On Thursday, Alibaba Group Holding Ltd (NYSE:BABA) sold $8 billion of bonds in a six-part offering. Bond yields were lower than previously offered because the Chinese company had received more than $57 billion of orders from investors looking to participate in its bond offering. However, ING Investment Management money manager Dorian Garay told Bloomberg that the premium that investors associate with Chinese firms was missing in Alibaba’s case.
Alibaba’s debts mostly carry fixed rates
Alibaba’s bond sale comes just two months after the online retailer raised$25 billion in NYSE listing in September. Alibaba said in a statement earlier this month that proceeds from the bond sale will be used to refinance its credit agreements that carry variable interest rates. The debts sold yesterday mostly carry fixed rates. The company is estimated to have $11 billion of loans.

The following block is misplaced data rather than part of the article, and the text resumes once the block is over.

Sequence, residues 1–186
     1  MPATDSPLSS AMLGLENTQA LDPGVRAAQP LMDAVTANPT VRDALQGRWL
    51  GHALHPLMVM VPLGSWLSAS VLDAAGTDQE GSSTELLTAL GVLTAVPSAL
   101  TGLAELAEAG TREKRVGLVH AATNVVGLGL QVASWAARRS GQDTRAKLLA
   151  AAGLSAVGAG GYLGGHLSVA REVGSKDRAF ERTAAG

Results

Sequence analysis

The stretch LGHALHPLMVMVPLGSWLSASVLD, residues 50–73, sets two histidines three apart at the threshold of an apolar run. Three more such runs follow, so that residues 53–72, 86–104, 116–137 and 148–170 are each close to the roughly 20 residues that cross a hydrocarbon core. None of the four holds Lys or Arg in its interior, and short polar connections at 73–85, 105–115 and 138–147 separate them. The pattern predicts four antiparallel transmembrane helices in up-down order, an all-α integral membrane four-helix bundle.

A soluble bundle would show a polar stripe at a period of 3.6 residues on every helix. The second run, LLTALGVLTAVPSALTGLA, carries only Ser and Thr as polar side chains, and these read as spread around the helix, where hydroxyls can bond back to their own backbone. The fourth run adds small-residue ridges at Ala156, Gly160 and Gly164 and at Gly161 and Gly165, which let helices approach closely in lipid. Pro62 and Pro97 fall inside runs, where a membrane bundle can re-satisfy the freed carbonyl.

It was the biggest dollar-denominated bond sale by an Asian company, surpassing the $6.5 billion bond offering by Bank of China last month. Sources familiar with the matter told Bloomberg that underwriters reduced the premium by up to 27 basis points on Alibaba’s longest-dated bond. The Hangzhou-based company’s bonds have been assigned A1 rating by Moody’s and A+ by Standard & Poor’s.
Alibaba abandoned plans for 5-year floaters
Alibaba offered $2.25 billion of five-year notes at 2.5%, and another $2.25 billion 10-year notes at 3.6% interest rate. The five-year securities yield 95 basis points higher than the similar maturity U.S. treasuries, while 10-year notes have a relative yield of 128 basis points. The company also sold $1.5 billion of 7-year notes at 3.125%, $1 billion of three-year securities at 1.625% interest rate, and $700 million of 20-year bonds at 4.5%.
Further, the Chinese company offered $300 million of three-year bonds at floating rates. Sources said that the company pulled back on its plans to include five-year floaters. Citigroup, JPMorgan, Morgan Stanley, and Deutsche Bank managed Alibaba’s bond offering.
Alibaba shares inched up 1.44% to $111.40 in pre-market trading Friday. Shares of the Chinese company have gained more than 65% since its IPO.